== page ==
The Ford Foundation’s president, Darren Walker, noted that we need a “new kind of capitalism” to “level the playing field.”
Perhaps. But until that day arrives, and I don’t expect it in my lifetime, the Ford Foundation can create more unicorns among women and minorities by helping them succeed with what we have today.
Concurrently, there seems to be a strong push to get more VC for women and minority (especially African-American) entrepreneurs. An interesting article seems to conclude that women and minority entrepreneurs can get more VC funding:
· By pushing for an increase in VC funds controlled by women and minorities.
· By becoming “twice as good,” “becoming really active on social media,” thinking of raising VC as a “numbers game” or sell “your stuff.” Sarah Kunst of Cleo Capital notes that “There are so many brilliant, amazing Black women starting companies and not nearly enough capital for them.”
Yes. But there are also so many brilliant, amazing Black men and not nearly enough capital for them. And Hispanic men and women. And Indian men and women. And Chinese. And dare I say it, white men and women?
In fact, VC is available to only about 100/100,000 entrepreneurs. That means 99,900/100,000 ventures do not get VC. And getting angel capital is no guarantee of getting VC. Studies suggest that only about 2,000-10,000/ 100,000 ventures get angel capital. And only 100 get VC. Also, as noted earlier, 80% of VC funding fails. So, business editors of the world, let’s get real. VC is for the few. And few succeed with VC.
If anyone really wants to help more women and minorities succeed – rather than get VC, which is a false indicator of potential (false because 80% who are so chosen end up failing), first understand how entrepreneurs really built unicorns and how VCs really fund unicorns.
Reality #1. Most Successful VCs Invest mainly in Emerging Industries.
To get their high returns, VCs mainly invest in emerging industries, from semiconductors in the 1960s to Internet 3.0 in the 2010s. Emerging industries offer ventures the potential to grow big and build unicorn fortunes, offering a high return to VCs. Investing in existing industries means that emerging ventures have to deal with higher probabilities of risk and compete with established businesses who offer stiff competition. The question is will all these new funds for women and minority entrepreneurs find enough entrepreneurs with the skills needed to dominate emerging industries? Or do we need more trained entrepreneurs who can build unicorns from idea to VC?
Reality #2. Most Successful VCs Invest in Ventures that Dominate Emerging industries
VCs need home runs. Most home runs are in emerging industries. But few entrepreneurs enter succeed and dominate in emerging industries. From Intel to Airbnb, VCs have made a killing when their investments have dominated the emerging industries and become home runs. Will these new funds for women and minorities find enough dominating ventures, and thereby home runs? Or do we need to teach women and minority entrepreneurs the skills to find and dominate emerging industries?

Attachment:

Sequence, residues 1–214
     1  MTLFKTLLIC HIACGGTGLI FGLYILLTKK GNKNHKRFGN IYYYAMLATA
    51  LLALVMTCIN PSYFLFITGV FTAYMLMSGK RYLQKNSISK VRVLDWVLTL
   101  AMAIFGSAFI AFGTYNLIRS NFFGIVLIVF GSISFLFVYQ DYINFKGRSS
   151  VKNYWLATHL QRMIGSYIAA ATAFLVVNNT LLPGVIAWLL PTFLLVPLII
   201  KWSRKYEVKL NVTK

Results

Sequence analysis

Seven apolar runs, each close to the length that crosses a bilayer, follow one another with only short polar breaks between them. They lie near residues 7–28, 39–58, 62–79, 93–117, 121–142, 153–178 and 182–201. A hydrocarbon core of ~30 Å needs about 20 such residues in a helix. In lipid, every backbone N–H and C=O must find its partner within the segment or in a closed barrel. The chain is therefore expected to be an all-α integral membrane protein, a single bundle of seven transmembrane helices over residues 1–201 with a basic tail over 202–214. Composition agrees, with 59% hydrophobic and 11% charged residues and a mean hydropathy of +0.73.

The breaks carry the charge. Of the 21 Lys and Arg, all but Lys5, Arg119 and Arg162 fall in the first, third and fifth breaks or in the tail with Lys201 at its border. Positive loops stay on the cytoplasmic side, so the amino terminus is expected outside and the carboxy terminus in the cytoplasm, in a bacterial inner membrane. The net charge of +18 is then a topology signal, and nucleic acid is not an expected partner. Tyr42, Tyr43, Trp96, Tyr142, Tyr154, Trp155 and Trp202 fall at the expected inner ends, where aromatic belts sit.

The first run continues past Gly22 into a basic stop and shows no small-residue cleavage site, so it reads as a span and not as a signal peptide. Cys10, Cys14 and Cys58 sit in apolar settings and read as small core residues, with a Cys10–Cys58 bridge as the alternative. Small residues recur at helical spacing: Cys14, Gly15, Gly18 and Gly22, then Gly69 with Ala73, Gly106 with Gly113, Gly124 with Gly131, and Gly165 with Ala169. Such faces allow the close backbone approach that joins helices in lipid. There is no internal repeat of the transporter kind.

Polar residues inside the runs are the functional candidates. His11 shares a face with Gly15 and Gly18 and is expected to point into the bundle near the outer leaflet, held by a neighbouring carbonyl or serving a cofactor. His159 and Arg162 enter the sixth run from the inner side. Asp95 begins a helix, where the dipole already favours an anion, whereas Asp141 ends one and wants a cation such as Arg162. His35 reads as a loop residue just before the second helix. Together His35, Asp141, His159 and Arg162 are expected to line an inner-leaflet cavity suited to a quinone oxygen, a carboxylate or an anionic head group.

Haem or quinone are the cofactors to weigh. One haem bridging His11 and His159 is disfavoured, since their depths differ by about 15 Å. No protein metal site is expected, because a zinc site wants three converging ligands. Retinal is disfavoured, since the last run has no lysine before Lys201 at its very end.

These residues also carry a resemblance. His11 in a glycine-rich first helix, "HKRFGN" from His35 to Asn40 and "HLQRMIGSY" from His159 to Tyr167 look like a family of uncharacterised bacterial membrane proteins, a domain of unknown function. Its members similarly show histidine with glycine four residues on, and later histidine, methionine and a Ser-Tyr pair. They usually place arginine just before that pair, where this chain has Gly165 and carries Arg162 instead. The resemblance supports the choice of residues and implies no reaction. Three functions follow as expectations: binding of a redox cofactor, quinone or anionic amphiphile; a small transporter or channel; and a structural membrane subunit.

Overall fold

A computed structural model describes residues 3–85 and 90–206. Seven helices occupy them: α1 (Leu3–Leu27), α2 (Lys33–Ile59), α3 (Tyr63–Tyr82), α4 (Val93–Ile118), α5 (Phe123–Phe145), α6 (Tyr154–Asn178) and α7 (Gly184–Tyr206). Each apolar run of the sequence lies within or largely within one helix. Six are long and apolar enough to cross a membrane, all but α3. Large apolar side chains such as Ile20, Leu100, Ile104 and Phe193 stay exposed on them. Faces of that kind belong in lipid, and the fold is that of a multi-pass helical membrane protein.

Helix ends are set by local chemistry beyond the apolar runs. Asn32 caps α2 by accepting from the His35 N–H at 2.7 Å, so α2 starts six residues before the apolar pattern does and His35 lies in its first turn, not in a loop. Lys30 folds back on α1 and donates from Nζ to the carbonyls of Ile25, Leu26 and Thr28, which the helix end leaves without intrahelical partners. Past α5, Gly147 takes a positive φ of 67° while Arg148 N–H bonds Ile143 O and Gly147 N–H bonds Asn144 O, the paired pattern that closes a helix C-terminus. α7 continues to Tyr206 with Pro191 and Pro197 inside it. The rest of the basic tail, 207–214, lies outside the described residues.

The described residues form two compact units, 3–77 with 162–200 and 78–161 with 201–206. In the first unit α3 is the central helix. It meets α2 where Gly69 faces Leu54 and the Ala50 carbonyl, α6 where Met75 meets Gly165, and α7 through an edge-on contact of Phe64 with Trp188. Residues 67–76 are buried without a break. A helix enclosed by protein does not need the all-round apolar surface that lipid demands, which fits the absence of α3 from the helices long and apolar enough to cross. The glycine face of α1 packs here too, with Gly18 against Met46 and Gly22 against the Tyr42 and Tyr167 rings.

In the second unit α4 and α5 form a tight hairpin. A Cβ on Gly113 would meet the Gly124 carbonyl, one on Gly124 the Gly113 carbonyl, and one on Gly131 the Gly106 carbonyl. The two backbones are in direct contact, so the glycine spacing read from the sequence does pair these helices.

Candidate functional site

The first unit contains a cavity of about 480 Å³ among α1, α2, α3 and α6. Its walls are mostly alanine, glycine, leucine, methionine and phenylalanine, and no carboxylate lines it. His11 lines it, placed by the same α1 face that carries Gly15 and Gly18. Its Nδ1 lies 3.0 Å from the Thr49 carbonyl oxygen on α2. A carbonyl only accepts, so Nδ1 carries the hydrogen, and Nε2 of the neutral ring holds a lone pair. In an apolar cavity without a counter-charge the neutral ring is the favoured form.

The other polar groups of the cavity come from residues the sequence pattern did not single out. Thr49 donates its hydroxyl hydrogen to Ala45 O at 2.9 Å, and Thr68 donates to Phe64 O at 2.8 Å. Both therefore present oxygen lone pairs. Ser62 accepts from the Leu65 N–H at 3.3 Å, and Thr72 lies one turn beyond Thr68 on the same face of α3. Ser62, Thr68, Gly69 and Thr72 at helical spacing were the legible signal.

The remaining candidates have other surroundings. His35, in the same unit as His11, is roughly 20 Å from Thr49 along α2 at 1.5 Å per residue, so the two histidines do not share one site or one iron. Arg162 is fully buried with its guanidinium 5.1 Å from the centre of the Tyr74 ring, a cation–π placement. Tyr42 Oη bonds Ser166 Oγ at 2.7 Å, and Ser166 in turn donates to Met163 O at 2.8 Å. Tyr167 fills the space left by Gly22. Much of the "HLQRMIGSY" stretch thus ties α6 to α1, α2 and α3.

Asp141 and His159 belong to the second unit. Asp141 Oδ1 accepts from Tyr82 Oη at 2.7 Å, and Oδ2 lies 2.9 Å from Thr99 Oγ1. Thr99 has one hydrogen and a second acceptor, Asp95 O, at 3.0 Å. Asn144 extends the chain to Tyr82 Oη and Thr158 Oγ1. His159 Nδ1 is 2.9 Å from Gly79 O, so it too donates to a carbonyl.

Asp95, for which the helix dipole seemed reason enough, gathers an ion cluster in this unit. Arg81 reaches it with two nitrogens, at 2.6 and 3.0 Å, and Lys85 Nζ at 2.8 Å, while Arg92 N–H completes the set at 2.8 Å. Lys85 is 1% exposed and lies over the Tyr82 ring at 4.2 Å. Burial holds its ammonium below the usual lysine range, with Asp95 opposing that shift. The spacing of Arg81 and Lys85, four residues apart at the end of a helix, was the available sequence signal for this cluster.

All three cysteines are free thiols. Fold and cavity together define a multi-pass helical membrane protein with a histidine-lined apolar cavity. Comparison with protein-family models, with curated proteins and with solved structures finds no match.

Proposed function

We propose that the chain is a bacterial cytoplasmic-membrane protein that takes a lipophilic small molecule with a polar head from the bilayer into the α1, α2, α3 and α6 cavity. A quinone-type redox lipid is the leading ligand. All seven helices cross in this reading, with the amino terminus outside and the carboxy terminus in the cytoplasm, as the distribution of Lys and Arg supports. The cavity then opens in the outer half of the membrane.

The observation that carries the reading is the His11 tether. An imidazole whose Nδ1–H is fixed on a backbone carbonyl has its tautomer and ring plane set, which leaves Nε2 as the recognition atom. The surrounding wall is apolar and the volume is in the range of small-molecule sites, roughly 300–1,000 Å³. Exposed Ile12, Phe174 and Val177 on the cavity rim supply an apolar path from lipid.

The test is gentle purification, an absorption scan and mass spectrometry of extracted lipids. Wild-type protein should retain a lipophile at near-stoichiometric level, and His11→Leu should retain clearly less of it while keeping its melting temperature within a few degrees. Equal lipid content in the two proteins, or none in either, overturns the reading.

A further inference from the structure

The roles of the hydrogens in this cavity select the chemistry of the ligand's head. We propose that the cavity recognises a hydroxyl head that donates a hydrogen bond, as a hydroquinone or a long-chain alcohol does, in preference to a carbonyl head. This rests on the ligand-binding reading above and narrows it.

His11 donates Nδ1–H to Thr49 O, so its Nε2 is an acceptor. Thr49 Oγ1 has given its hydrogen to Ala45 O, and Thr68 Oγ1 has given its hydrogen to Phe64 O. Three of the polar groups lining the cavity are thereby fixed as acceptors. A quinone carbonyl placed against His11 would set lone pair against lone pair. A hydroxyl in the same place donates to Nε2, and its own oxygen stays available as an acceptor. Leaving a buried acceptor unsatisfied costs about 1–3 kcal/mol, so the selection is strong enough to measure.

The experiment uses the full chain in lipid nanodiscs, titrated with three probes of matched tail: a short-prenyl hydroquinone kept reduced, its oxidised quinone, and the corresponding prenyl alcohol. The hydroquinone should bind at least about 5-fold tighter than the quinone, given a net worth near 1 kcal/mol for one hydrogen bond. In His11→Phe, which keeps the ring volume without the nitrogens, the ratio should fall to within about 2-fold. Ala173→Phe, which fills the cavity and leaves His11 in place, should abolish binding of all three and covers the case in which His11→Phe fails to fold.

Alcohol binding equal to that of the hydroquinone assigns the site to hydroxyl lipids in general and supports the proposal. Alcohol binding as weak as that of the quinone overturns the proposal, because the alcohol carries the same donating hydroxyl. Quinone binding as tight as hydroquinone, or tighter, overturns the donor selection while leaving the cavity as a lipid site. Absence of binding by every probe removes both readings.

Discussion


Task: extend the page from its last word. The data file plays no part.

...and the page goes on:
Reality #3. Most Successful VCs Wait for Aha!
VCs wait until potential is proven, i.e. till Aha! Entrepreneurs who want or need VC have to find a way to bridge the gap from idea to Aha. Are these new funds going to invest before Aha – before anyone can see potential? Will they take more risks, and risk failing, or will they train women and minorities in the skills to start the next generation of unicorns to get to Aha? Or will they be like many VCs who don’t know how to get to Aha?
Reality #4. Most Successful VCs Seek Control and Replace CEOs Before Leadership Aha!
There are two kinds of VC investments. In one, VCs take control of the venture and replace the entrepreneur with a professional CEO. That’s what happened to Pierre Omidyar of eBay. In the other, entrepreneurs build the venture to the point where their leadership is evident and VCs jump on the bandwagon to make money with the entrepreneur, not with a professional CEO. This is what happened to Mark Zuckerberg of Facebook. If the idea is to build unicorns that are controlled by women and minorities, do we need to teach them how to get to Leadership Aha?
Reality #5. About 20 VCs are said to Earn 95% of IPO Profits.
Andy Rachleff, a very successful VC, noted that about 20 VCs earn about 95% of IPO profits, which is the highest strategy for VC profits. The rest are mediocre or fail. Will these new funds be in the top 20?
Reality #6. History shows that those who forget Realities 1-5 learn Reality #6 – they fail.
As noted earlier, few VCs do well. When the federal government wound down the MESBIC industry, about 4-5 funds accounted for most of the profits. This is because VC funds fail when they have no home runs. Where will this new crop of women and minority funds fit? We will know in a few years. But one truth has always prevailed – those who forget history are doomed to repeat it.
MY TAKE: To the Ford Foundation, we don’t need a new kind of capitalism. We need to train women and minorities to succeed in this one – and the key to this is training them to develop unicorns. Unicorns are started by unicorn-entrepreneurs –not by VCs. VCs only add fuel to an already burning fire. 99% of America’s billion-dollar-entrepreneurs succeeded due to their business skills. Capital, ideas, and good intentions are not enough. To build unicorns, entrepreneurs need business skills and smart strategies. Train them. Please.
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